ken

By the definition of choose:
pick out or select (someone or something) as being the best or most appropriate of two or more alternatives


You're telling me that you arrived at the conclusion(deduced) that God doesn't exist, but you don't choose to believe God doesn't exist? That's really what you think?

Yes that's what I think. Just like I don't choose to believe 1+1=2. Once I know the right answer, all the other answers are no longer an option.

Ken

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Re: Is Belief in God Delusional or Non-Belief?

Postby RickD » Sun Oct 02, 2016 1:05 pm

kenny wrote:
Yes that's what I think. Just like I don't choose to believe 1+1=2. Once I know the right answer, all the other answers are no longer an option.


So,

You know God doesn't exist?
1 Corinthians 1:9
9 God is faithful, through whom you were called into fellowship with His Son, Jesus Christ our Lord.

Audie wrote:
"Christianity is not a joke, but it has some very poor representatives."


St. Richard the Sarcastic--The Patron Saint of Irony

Kenny
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Re: Is Belief in God Delusional or Non-Belief?

Postby Kenny » Sun Oct 02, 2016 2:49 pm

RickD wrote:
kenny wrote:
Yes that's what I think. Just like I don't choose to believe 1+1=2. Once I know the right answer, all the other answers are no longer an option.


So,

You know God doesn't exist?

I am 100% convinced the God discribed in the Old Testament doesn't exist. Do I have proof? Of course not. Evidence? Not enough to convince you, but definitely enough to my satisfaction

Ken

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Re: Is Belief in God Delusional or Non-Belief?

Postby RickD » Sun Oct 02, 2016 4:55 pm

Kenny wrote:
RickD wrote:
kenny wrote:
Yes that's what I think. Just like I don't choose to believe 1+1=2. Once I know the right answer, all the other answers are no longer an option.


So,

You know God doesn't exist?

I am 100% convinced the God discribed in the Old Testament doesn't exist. Do I have proof? Of course not. Evidence? Not enough to convince you, but definitely enough to my satisfaction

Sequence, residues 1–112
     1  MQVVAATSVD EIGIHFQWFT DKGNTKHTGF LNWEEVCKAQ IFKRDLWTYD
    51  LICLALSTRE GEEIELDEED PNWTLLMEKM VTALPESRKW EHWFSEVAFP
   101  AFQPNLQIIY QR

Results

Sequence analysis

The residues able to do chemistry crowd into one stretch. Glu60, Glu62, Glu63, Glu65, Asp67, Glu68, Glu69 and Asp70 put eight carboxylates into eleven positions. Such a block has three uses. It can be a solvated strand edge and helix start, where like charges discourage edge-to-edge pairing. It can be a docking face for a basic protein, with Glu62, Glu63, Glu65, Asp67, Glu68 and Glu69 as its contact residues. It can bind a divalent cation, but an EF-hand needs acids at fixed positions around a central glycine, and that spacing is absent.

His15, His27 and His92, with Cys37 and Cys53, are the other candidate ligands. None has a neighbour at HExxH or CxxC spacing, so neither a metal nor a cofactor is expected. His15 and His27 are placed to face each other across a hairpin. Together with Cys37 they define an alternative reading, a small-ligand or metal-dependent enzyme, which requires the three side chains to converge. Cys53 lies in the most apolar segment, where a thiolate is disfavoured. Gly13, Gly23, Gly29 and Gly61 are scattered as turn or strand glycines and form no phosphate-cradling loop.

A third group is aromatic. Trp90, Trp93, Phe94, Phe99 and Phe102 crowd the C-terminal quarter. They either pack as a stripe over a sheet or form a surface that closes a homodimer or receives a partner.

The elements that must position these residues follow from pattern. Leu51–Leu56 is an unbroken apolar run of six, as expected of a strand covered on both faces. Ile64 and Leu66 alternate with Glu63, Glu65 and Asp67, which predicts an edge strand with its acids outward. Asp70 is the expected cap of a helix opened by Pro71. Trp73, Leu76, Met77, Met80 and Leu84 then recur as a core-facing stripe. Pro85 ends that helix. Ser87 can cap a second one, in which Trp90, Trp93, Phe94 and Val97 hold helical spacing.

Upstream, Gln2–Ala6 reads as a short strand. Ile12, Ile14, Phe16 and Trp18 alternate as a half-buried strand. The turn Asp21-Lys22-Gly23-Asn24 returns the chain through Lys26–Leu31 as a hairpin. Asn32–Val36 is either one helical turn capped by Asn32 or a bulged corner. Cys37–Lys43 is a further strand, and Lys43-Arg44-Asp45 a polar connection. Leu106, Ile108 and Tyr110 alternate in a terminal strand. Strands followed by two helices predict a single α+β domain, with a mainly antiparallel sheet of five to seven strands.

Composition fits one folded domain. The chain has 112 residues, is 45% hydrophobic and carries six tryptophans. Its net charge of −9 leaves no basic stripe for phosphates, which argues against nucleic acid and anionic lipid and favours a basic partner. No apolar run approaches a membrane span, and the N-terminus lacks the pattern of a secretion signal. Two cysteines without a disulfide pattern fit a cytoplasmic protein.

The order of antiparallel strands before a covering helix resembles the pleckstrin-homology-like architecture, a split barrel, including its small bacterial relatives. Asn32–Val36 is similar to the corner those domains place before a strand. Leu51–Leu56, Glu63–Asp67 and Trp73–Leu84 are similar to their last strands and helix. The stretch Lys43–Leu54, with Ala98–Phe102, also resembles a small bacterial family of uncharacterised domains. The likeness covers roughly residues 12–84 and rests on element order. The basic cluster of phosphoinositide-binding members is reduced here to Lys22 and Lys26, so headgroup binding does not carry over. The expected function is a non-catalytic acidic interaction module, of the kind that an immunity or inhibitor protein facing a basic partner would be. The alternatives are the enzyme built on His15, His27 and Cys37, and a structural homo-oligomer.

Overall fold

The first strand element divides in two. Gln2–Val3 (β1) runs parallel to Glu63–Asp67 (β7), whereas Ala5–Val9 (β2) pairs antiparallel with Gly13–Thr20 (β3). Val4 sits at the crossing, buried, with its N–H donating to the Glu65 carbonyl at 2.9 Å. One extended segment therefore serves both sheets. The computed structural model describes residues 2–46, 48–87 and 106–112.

Ken

You have evidence that God doesn't exist?

Do you mind sharing it?
1 Corinthians 1:9
9 God is faithful, through whom you were called into fellowship with His Son, Jesus Christ our Lord.

Audie wrote:
"Christianity is not a joke, but it has some very poor representatives."


St. Richard the Sarcastic--The Patron Saint of Irony

Kenny
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Re: Is Belief in God Delusional or Non-Belief?

Postby Kenny » Sun Oct 02, 2016 5:53 pm

RickD wrote:
Kenny wrote:
RickD wrote:
kenny wrote:
Yes that's what I think. Just like I don't choose to believe 1+1=2. Once I know the right answer, all the other answers are no longer an option.


So,

You know God doesn't exist?

I am 100% convinced the God discribed in the Old Testament doesn't exist. Do I have proof? Of course not. Evidence? Not enough to convince you, but definitely enough to my satisfaction

Ken

You have evidence that God doesn't exist?

Do you mind sharing it?


Earlier a few pages back, I listed a few reasons, I believe it was to ablecainsbrother. It basically boils down to, the bible describes God as being all good, all knowing, all powerful and present everywhere. But when you look at the Bible, there seem to be specific times when God’s actions contradict those descriptions of him. Basically you can’t be all good, yet do bad things. You can’t be all knowing yet act surprised, or change your mind occasionally etc. etc.

Then there is my personal experiences; back in the day when I was a believer, and I tried to have a relationship with God, knowing what I went through to no avail; if God did exist I believe I would have experienced him. I guess the invisible and the non-existent sorta look alike to me; if something is invisible, to me that is evidence that it doesn't exist.

Ken

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Re: Is Belief in God Delusional or Non-Belief?

Postby Kurieuo » Sun Oct 02, 2016 6:38 pm

I accept Christ's endorsement, so look more carefully at the OT descriptions of God which are predominantly to do with Israel who entered into a pact with God. When you think about it, their promise to God, entering into agreement with God, is something quite scary.

Perhaps some think God ought to be a big softy because they see his abode as being on white fluffy clouds or something. As CS Lewis remarked, "What do people mean when they say, 'I am not afraid of God because I know He is good'? Have they never even been to a dentist?"
"Whoever will call on the name of the Lord will be saved." (Romans 10:13)